Some top cereals aimed at us kids are 50 per cent sugar


Some top cereals aimed at us kids are 50 per cent sugar


Based on nutritional value, a US consumer group found that 23 of the top 27 processed breakfast cereals marketed to children rated only good to fair, and that two of them, Kellogg's Honey Smacks and Post Golden Crisp made by Kraft Foods Inc contained more than 50 per cent sugar by weight, while another nine were at least 40 per cent sugar, as much as in a glazed doughnut from Dunkin' Donuts.

The four processed cereals targeted at kids that scored very good in Comsumer Reports' own rating system were Cheerios, Kix, Honey Nut Cheerios (all made by General Mills), and Life (from Quaker Oats). These scored high because they were relatively low in sugar and high in dietary fiber, the two most important categories in the rating system. Top of the list was Cheerios, which contains 1 gram of sugar and 3 grams of fiber per suggested serving.

The products were rated according to their label information (as opposed to being tested in the laboratory).

Consumer Reports is part of Consumers Union, a 70-year old independent, nonprofit US consumer organization. They estimate that some 229 million advertising dollars are spent every year in the US marketing sugary cereals to children. But oddly enough, it is adults who consume most of them. The consumer organization said about 58 per cent of the people who eat the cereals are over 18.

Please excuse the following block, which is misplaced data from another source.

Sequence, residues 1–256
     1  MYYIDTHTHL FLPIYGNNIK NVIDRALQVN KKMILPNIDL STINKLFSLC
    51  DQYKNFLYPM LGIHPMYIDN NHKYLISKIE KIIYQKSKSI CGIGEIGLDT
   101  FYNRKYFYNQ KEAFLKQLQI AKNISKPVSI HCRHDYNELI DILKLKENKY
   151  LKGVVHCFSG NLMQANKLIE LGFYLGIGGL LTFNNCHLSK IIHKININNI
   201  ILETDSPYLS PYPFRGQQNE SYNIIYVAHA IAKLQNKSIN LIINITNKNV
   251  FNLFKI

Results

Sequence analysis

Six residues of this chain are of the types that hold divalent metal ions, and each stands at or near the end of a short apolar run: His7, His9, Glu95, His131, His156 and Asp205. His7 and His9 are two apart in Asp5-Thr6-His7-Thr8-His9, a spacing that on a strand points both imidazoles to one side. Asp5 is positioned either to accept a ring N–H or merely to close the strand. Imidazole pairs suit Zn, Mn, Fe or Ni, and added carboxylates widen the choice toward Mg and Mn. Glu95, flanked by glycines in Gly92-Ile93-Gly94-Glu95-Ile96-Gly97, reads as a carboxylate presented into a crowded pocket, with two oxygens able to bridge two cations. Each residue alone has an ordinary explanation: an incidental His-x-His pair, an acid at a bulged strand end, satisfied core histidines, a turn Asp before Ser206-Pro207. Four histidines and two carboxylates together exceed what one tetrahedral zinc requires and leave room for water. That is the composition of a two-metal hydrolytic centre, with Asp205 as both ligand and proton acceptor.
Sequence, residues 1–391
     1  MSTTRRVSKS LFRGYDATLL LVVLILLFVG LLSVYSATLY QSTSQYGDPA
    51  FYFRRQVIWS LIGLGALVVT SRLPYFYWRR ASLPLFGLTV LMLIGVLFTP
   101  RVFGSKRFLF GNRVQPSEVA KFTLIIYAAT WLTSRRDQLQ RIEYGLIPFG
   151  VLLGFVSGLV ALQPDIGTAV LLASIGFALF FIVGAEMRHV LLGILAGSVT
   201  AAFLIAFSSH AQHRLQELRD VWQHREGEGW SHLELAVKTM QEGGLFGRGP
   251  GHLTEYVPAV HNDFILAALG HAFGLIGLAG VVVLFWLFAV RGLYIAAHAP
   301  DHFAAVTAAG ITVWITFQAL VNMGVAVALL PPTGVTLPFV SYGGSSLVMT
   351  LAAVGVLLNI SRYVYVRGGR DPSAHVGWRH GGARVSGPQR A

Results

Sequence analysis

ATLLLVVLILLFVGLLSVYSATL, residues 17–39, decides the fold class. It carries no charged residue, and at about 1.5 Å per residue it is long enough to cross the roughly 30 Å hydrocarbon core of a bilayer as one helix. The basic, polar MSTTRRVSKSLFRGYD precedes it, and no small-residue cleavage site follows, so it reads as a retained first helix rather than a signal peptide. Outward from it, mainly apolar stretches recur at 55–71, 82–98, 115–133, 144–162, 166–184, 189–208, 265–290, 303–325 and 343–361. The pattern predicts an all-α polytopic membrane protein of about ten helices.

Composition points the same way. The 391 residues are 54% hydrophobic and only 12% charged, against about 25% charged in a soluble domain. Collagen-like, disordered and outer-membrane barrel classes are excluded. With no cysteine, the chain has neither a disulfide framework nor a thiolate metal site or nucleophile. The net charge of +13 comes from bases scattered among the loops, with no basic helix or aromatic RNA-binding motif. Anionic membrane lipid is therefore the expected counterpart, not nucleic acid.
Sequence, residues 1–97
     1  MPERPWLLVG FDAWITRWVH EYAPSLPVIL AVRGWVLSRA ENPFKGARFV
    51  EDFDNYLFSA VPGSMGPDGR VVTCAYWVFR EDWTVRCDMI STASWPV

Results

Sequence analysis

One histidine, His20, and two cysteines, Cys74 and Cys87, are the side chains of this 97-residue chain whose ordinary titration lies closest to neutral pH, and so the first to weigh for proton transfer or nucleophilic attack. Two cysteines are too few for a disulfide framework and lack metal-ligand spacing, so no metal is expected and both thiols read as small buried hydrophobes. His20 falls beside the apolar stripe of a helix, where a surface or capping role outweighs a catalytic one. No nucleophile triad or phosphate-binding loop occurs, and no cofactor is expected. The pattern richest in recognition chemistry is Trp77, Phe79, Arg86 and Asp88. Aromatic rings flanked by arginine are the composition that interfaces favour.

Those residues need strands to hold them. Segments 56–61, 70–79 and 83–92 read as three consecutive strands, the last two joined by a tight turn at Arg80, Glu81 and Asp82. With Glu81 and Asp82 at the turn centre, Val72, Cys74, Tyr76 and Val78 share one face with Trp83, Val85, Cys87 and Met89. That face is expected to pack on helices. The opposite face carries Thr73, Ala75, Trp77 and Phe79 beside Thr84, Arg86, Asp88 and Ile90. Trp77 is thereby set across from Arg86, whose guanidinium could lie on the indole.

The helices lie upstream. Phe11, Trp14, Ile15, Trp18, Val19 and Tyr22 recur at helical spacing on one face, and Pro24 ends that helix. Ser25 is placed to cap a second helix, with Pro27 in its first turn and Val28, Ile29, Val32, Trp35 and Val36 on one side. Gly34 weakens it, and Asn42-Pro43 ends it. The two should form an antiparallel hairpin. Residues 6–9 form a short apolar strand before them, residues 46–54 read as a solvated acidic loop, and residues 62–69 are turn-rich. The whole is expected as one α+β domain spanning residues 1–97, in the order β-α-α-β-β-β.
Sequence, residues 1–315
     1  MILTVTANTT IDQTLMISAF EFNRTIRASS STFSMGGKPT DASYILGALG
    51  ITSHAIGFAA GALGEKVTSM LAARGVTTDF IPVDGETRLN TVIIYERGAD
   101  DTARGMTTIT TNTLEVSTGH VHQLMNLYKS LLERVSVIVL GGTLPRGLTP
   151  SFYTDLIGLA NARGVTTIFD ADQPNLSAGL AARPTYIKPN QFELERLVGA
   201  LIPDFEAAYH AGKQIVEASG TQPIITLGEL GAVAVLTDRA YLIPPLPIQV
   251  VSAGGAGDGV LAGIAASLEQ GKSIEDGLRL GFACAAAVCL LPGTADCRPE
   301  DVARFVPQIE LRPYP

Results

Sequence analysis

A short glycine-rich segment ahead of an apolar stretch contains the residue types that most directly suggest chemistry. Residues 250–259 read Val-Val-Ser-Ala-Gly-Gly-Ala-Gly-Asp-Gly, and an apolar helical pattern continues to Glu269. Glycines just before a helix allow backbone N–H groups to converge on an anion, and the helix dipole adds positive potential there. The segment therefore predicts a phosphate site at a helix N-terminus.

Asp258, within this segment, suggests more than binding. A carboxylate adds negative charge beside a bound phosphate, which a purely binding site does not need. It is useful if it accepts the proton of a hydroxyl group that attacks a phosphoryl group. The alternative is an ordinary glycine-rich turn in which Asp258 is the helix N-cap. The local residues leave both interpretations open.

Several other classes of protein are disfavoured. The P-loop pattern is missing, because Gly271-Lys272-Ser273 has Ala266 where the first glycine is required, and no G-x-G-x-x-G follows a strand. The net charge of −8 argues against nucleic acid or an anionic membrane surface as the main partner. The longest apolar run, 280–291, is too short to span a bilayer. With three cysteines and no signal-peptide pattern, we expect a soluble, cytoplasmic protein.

However, high sugar is not the only issue that concerns the consumer watchdog. Although Kellogg's Rice Krispies has only 4 grams of sugar per serving, it only earned a Fair rating because it was higher in sodium and had zero dietary fiber. This contasted with Kellogg's Frosted Mini-Wheats Bite Size which earned a Good because although it had 12 grams of sugar per serving, it had a "hefty" 6 grams of fiber and was very low in sodium.

Another area of concern is how much do children actually eat? The serving suggestion on the label is misleading because they don't follow that guideline themselves. The consumer group studied 91 children aged 6 to 16 and observed them pouring their cereal. They found that on average, they gave themselves about 50 to 65 per cent more cereal than the serving suggestion for 3 of the 4 cereals tested.

This means that if the children were to eat all the Frosted Flakes they put in their bowl, they would be eating about 18 grams of sugar per serving, and this sugar would have been mostly added during food processing, which goes against the US Department of Agriculture guidelines for a healthy diet.

Kix was the only cereal where the kids poured themselves an amount that was closer to the recommended serving. Because they are puffed corn balls, they are very light and the 1.25 cup serving size is larger than that recommended by most of the other cereals.

The United States Department of Agriculture guidelines describe a healthy diet for children over 2 years of age and adults as one that:

  • Emphasizes fruits, vegetables, whole grains, and fat-free or low-fat milk and milk products.
  • Includes lean meats, poultry, fish, beans, eggs, and nuts.
  • Is low in saturated fats, trans fats, cholesterol, salt (sodium), and added sugars.
By added sugar they mean any sugar added during food processing, so it would seem that many of the top cereals reviewed in Comsumer Reports would fail this guideline requirement on two counts: they contain a lot of added sugar and they are not whole grains.

Click here for more information on how to get the "most nutrition out of your calories" (from MyPyramid.gov, USDA).

Source: Comsumer Reports, USDA.


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